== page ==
On the President’s plan…

September 12th, 2013
2021 Michele Siqueiros 250x250(1)
Michele Siqueiros

September 12, 2013 | Written by: Michele Siqueiros, Executive Director, The Campaign for College Opportunity

President Obama recently unveiled his proposal to make higher education more affordable and accessible across the nation. I applaud the President because college opportunity and affordability deserve the national spotlight. Barriers to college access and success stifle the country’s economic growth while widening the gap between the rich and poor.

The President’s plan is rooted in an investment in our people and their ability to reach their college dreams. It’s a smart investment because investing in our younger generations is key to long-term competitiveness and prosperity. Our future depends on the increased mobility for low income and underrepresented students, especially Latinos who make up a growing proportion of our own state’s population. Unfortunately, too few students are achieving their academic objectives in a reasonable time frame if at all.

The President’s plan revolves around three ambitious objectives: transforming the way higher education is financed by linking federal aid to college and student performance; promoting innovation and competition by using technology and focusing on learning outcomes; and increasing options for student loan repayment. And, while President Obama’s postsecondary education blueprint has many details that remain to be worked out I offer a few suggestions.

Too often, we only focus on holding students accountable. If students don’t do what is expected and get failing grades, they don’t pass courses. Colleges should also live up to our collective expectations. Colleges must be committed to student learning and improving student success. That’s why I support transparency and agree that a college’s performance is important to measure – students and families deserve access to good information about college completion, time to completion, the quality of their degree/certificate, and the real cost of their education. A rating system should also be sure to include indicators that reward colleges for improving student outcomes, and for serving and awarding degrees and certificates to underrepresented students, including those who are low income and/or students of color.

There are few things more heartbreaking than a capable student who should go to college, but decides he or she simply can’t afford it. This is against our core values as Americans. So efforts to control the rising cost of college and student debt are necessary. Greater information and access for students to all their eligible college aid through the state and the federal government must be expanded. And greater awareness about access to federal student loans with low interest rates and income based repayment options for those loans has to be a top priority. The more information students have about their ability to pay for college now and in the future, the better. But along with more access and information to aid, there must also be a focus on keeping the cost of college attainable, and stopping the rollercoaster ride of tuition and fee increases our students have been riding over the past five years.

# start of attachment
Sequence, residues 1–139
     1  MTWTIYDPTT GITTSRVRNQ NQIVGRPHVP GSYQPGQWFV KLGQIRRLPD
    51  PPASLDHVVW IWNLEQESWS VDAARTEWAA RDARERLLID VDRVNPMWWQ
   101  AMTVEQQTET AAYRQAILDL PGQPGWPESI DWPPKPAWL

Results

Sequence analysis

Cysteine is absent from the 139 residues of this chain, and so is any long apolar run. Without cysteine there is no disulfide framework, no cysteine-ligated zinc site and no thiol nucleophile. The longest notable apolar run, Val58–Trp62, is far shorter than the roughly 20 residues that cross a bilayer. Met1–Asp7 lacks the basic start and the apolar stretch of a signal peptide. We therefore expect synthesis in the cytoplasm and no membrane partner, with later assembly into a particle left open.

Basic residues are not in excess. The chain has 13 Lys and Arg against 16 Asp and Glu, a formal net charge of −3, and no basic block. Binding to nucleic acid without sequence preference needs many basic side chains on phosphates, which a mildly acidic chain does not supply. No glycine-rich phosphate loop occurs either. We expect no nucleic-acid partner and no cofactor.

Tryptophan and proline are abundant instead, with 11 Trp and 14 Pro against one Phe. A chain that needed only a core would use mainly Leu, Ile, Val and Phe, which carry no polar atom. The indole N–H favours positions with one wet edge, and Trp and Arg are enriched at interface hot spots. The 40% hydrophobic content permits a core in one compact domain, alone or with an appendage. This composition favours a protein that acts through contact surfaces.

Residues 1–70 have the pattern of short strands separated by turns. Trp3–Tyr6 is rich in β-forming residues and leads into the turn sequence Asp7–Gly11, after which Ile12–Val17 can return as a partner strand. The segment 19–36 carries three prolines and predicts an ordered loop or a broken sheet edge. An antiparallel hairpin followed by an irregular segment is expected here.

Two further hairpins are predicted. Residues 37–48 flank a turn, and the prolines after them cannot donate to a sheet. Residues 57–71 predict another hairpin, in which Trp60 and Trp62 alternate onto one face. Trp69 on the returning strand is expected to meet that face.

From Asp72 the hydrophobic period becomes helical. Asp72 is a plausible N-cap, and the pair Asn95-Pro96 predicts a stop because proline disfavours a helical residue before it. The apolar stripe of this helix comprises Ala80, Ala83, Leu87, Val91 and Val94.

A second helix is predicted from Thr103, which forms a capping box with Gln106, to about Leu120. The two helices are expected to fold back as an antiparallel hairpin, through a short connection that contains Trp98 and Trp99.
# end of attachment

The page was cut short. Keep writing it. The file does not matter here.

As the President and his team begin to seek stakeholder feedback let’s make sure that students, families, faculty and college leaders have a voice. Equally important is for civil rights, business, and community leaders to be a part of the national dialogue.

And yet, while the federal government plays an important role in higher education, especially through the billions in grants to colleges and students across the country, it will continue to be our own state leadership that can make an even bigger impact on the challenges we face.

Sandy Baum and Michael McPherson pose a good reality check on the President’s proposal. Do you agree? What would you tell the President? And how should we press forward in California on some of these issues?

About the Author:

Michele Siqueiros is the Executive Director of the Campaign for College Opportunity.

To read her complete bio, click here. Follow her on Twitter @MSCollegeOpp